Owners of small UK companies could soon receive automatic broadband compensation if internet access falls short of service obligations, telecoms regulator Ofcom has announced.
Under new proposals, users of residential broadband and landline services will be entitled to automatic broadband compensation if their provider fails to ensure access on the guaranteed date, or if service “down-time” is not addressed quickly enough by an engineer.
According to Ofcom, around a third of small UK companies use residential landline and broadband services and the regulator has proposed the following scale of charges:
- £10 for each day a service is not repaired (after two working days)
- £30 for each appointment missed by an engineer
- £6 for each delayed day the provider fails to start a new service
Broadband compensation would be received via a cash payment or via credit on bills. Ofcom stated that £185m could be paid out every year under the system.
Lindsey Fussell, an Ofcom director, said that broadband customers would be “properly compensated” for a loss of connectivity under the new rules.
“When a customer’s landline or broadband goes wrong, that is frustrating enough without having to fight tooth and nail to get fair compensation from the provider,” she said in a statement.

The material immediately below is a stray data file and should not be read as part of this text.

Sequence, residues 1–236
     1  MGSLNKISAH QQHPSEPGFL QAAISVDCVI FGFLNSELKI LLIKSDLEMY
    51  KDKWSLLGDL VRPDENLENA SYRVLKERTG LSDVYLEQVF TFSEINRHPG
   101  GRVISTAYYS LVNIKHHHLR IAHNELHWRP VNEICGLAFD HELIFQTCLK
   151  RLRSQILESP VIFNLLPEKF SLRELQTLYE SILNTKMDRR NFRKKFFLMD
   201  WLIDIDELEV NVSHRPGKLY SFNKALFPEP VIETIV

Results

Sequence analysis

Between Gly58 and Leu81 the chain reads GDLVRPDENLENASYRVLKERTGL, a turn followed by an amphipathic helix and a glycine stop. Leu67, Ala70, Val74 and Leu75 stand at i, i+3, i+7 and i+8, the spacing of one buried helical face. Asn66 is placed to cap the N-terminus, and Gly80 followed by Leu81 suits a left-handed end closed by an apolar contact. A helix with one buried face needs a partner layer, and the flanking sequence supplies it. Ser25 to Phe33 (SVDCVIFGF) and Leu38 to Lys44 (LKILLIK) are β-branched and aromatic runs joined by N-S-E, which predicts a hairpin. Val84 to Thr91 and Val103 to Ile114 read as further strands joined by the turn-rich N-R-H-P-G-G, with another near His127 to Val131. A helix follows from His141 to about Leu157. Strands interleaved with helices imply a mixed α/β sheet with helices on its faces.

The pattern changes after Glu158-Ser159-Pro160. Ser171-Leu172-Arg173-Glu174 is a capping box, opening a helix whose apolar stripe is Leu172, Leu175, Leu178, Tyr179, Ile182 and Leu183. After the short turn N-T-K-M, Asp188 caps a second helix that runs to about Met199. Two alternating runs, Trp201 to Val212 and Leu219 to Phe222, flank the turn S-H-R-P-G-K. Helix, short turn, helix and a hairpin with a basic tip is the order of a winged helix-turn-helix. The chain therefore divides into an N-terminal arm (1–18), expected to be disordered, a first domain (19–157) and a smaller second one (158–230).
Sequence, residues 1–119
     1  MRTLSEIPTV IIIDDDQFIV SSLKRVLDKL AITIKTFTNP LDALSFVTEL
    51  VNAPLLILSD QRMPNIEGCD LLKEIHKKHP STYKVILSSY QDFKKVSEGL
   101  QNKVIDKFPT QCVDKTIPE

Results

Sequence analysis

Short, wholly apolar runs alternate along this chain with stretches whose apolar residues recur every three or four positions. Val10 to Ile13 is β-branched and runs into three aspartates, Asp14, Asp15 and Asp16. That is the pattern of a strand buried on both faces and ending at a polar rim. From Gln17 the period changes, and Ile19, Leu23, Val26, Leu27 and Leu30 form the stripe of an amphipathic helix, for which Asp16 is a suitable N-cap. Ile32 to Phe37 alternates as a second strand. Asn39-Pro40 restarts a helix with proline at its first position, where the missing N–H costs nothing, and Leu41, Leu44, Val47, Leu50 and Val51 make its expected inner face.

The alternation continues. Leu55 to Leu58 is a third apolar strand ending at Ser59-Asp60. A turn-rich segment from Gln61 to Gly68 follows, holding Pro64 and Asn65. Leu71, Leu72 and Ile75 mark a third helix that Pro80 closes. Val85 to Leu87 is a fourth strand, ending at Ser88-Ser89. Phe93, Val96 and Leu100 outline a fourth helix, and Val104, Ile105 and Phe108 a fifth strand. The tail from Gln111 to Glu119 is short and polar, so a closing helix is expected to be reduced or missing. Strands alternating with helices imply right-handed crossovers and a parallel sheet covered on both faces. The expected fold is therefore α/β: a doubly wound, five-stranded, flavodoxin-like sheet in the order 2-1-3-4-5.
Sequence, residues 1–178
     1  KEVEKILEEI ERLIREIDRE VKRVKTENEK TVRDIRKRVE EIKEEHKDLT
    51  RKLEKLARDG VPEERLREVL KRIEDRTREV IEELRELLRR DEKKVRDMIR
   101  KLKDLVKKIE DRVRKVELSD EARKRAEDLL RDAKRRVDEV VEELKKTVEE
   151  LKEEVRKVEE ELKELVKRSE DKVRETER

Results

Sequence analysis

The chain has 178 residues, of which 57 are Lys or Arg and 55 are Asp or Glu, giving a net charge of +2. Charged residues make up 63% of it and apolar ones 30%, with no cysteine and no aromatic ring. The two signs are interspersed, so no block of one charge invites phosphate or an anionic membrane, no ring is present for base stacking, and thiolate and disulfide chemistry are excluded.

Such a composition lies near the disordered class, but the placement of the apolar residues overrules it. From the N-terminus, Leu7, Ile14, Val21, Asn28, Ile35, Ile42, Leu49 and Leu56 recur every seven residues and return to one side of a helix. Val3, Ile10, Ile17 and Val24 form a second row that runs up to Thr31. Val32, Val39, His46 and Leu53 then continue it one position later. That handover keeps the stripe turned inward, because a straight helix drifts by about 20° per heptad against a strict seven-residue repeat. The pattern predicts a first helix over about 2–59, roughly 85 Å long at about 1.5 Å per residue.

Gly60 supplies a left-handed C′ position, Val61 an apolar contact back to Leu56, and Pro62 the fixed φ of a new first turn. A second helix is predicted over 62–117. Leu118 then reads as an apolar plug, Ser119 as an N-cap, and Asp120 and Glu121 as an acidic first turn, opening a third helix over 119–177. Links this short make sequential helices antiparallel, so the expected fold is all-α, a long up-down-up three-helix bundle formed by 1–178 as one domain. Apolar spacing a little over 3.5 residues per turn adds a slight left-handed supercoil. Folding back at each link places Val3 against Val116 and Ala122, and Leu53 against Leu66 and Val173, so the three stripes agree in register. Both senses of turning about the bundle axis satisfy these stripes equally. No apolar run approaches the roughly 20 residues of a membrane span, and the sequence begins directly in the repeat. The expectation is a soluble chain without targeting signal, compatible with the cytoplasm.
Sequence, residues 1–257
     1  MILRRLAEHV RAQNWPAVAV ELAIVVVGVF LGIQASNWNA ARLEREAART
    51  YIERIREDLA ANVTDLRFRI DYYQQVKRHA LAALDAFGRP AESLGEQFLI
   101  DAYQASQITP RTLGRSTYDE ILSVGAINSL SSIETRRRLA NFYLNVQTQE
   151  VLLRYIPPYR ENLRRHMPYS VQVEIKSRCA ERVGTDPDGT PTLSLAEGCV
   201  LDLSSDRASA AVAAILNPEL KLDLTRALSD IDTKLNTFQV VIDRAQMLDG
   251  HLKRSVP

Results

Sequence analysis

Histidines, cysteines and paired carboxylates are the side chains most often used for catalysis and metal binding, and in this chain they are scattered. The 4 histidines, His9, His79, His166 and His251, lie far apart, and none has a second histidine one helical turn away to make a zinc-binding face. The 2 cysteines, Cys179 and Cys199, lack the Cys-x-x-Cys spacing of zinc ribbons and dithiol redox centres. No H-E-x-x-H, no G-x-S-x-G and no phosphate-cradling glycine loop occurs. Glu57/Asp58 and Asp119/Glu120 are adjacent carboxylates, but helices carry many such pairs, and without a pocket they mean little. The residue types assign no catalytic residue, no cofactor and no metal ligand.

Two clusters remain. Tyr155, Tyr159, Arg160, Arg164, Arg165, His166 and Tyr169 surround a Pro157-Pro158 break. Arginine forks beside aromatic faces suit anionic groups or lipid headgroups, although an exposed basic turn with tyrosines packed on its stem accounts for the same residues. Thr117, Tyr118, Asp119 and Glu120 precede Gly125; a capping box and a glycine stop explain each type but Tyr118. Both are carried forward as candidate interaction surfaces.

Ofcom research showed that only half of small business owners were aware of their rights when a provider failed to deliver. Greater transparency in the market could also allow owners to choose the most suitable broadband deal for their company’s needs.
Commenting on Ofcom’s announcement, Dan Howdle, a telecoms advisor at Cable.co.uk, said broadband compensation would act as a “powerful motivator” for providers to act quickly and ensure service levels remained acceptable for business owners.
“It will ensure that investment in prompt maintenance and customer support becomes a preferable option to letting customers down,” he added.
A public consultation will run until 5 June 2017, and major providers BT, Sky and Virgin Media have responded to broadband compensation proposals with a suggested voluntary code of practice. Ofcom rejected this as insufficient.
Research has shown that sufficient broadband access remains a barrier to business growth for many firms, particularly in rural parts of the country.
Speaking to our sister title Real Business, Jamie Turner, co-founder of PCA Predict, a tech firm based in a rural location near Worcester, revealed the poor service his company had received.
“Slow speeds and painfully long installation times hold us back” he said. “We had to have the local village dug up to bring in fibre which was incredibly expensive for us. The installation took almost six months to complete, and our connection costs almost £500,000 a year – it’s pretty rock solid but few businesses can justify even a tenth of that cost.”
Plans for broadband compensation mark the latest step in supporting the connectivity of Britain’s small business community.
In October 2016, new advert regulations were introduced to keep owners better informed of contract costs, and the split of BT from its Openreach arm was officially agreed this month.
In his recent Budget announcements, chancellor Philip Hammond confirmed £200m would be invested over 2017 into providing full-fibre broadband access for small firms across the UK.
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